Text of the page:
The Breakdown is a daily entertainment-focused talk show. Me and a regular rotation of cohosts talk about pop culture, current events, and entertainment headlines, as well as interviewing a really diverse group of guests. It airs from 2-5pm ET. Allison Dore’s BroadCast is a weekly, one hour show celebrating women in comedy. I’m like a DJ, but instead of songs, I’m playing jokes! I mostly play contemporary comedians, but every now and then I like to throw in some trailblazers: Moms Mabley, Phyllis Diller, etc. It airs Tuesday nights at 8pmET.

Do you have any funny studio stories to share with us? 

Drew Kahn, who is a music programmer at The Verge, is excellent at hiding behind doors and banners in the studios and scaring the crap out of people. It makes me laugh every time! We also once had an actor accidentally kick a piece of machinery, and it knocked the whole channel off the air! He was mortified, but it was one of those one in a million shots, so we just had to appreciate it!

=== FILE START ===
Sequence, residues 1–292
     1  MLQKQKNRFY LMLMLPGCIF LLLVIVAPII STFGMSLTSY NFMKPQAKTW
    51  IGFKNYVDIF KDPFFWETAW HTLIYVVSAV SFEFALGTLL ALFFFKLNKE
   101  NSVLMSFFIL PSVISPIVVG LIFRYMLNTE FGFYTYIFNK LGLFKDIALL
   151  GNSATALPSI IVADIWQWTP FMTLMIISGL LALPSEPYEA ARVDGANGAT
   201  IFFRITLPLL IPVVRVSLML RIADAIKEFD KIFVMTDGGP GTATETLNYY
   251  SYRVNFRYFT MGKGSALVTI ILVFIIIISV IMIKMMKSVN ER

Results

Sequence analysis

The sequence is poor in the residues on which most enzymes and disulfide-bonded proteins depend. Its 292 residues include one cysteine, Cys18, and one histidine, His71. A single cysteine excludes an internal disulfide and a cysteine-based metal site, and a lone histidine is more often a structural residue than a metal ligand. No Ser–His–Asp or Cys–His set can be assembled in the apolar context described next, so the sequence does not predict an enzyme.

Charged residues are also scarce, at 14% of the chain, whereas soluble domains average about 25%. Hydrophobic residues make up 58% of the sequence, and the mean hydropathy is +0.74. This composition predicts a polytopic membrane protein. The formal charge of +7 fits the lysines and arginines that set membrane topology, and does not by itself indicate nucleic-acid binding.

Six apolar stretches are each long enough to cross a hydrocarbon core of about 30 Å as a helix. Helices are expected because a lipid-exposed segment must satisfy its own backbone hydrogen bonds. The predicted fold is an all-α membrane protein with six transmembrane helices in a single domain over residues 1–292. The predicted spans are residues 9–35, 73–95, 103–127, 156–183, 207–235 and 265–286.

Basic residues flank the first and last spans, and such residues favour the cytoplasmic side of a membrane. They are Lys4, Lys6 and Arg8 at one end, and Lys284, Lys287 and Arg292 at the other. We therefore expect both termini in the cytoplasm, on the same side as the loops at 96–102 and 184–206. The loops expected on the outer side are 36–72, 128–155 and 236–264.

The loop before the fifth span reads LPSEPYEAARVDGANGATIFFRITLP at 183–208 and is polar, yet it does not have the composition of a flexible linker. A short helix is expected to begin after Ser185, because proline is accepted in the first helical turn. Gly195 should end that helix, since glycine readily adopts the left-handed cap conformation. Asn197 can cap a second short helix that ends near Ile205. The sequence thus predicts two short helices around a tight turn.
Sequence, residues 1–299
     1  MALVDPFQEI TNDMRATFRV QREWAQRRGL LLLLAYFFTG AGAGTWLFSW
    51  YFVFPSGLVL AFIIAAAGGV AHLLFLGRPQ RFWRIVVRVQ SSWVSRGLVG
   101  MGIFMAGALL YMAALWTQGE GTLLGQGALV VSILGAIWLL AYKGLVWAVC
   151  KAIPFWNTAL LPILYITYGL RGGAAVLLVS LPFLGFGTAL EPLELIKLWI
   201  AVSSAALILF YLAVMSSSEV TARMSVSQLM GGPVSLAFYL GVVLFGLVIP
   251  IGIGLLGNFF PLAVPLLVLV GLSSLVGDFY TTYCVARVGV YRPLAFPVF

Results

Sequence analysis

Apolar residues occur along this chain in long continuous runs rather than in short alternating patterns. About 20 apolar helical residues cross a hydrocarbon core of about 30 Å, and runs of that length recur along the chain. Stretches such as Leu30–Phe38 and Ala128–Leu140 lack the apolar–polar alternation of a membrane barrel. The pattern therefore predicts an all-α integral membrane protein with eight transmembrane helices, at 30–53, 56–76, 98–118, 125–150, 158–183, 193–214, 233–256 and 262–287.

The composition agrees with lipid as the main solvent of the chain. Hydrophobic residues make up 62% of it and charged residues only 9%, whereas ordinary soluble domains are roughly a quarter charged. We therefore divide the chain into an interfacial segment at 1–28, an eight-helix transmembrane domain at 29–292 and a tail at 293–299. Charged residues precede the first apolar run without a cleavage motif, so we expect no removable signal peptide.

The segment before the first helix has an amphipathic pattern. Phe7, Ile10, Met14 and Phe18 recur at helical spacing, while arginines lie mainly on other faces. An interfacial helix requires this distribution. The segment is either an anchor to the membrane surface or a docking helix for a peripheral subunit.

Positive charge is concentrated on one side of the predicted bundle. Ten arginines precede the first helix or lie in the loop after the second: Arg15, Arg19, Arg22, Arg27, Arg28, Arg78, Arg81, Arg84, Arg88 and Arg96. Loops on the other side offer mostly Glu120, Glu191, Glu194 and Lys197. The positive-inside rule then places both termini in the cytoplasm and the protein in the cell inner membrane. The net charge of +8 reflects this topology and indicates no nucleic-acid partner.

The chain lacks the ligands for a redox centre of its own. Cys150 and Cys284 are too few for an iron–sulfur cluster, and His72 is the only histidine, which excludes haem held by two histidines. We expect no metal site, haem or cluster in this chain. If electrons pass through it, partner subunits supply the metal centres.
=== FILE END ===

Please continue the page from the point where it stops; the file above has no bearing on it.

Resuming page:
In addition to your work with Sirius XM, you also have your own podcast called Digging In where you interview a different guest each episode in which they share their lives and views. This is a bit of a different atmosphere than your other shows. Where did the idea come from to start this podcast come from and are these types of interviews something you’re looking to do more of? 

I really fell in love with interviewing, and I wanted to get better at it. The only way I could think of was to do more of it! Plus, I had started being very inspired by self-improvement and positive thinking, and people who work on a success mindset. I am very drawn to stories of people who survive, who overcome obstacles, and who turn failures in successes. I wanted to have more of those conversations. I love the long-form, one on one format, and I love to have more opportunities to do it. I have some AMAZING episodes coming this fall!

You’ve formed the female-centric comedy record label Howl and Roar Records. What prompted you to create this label and what makes it stand out from the competition?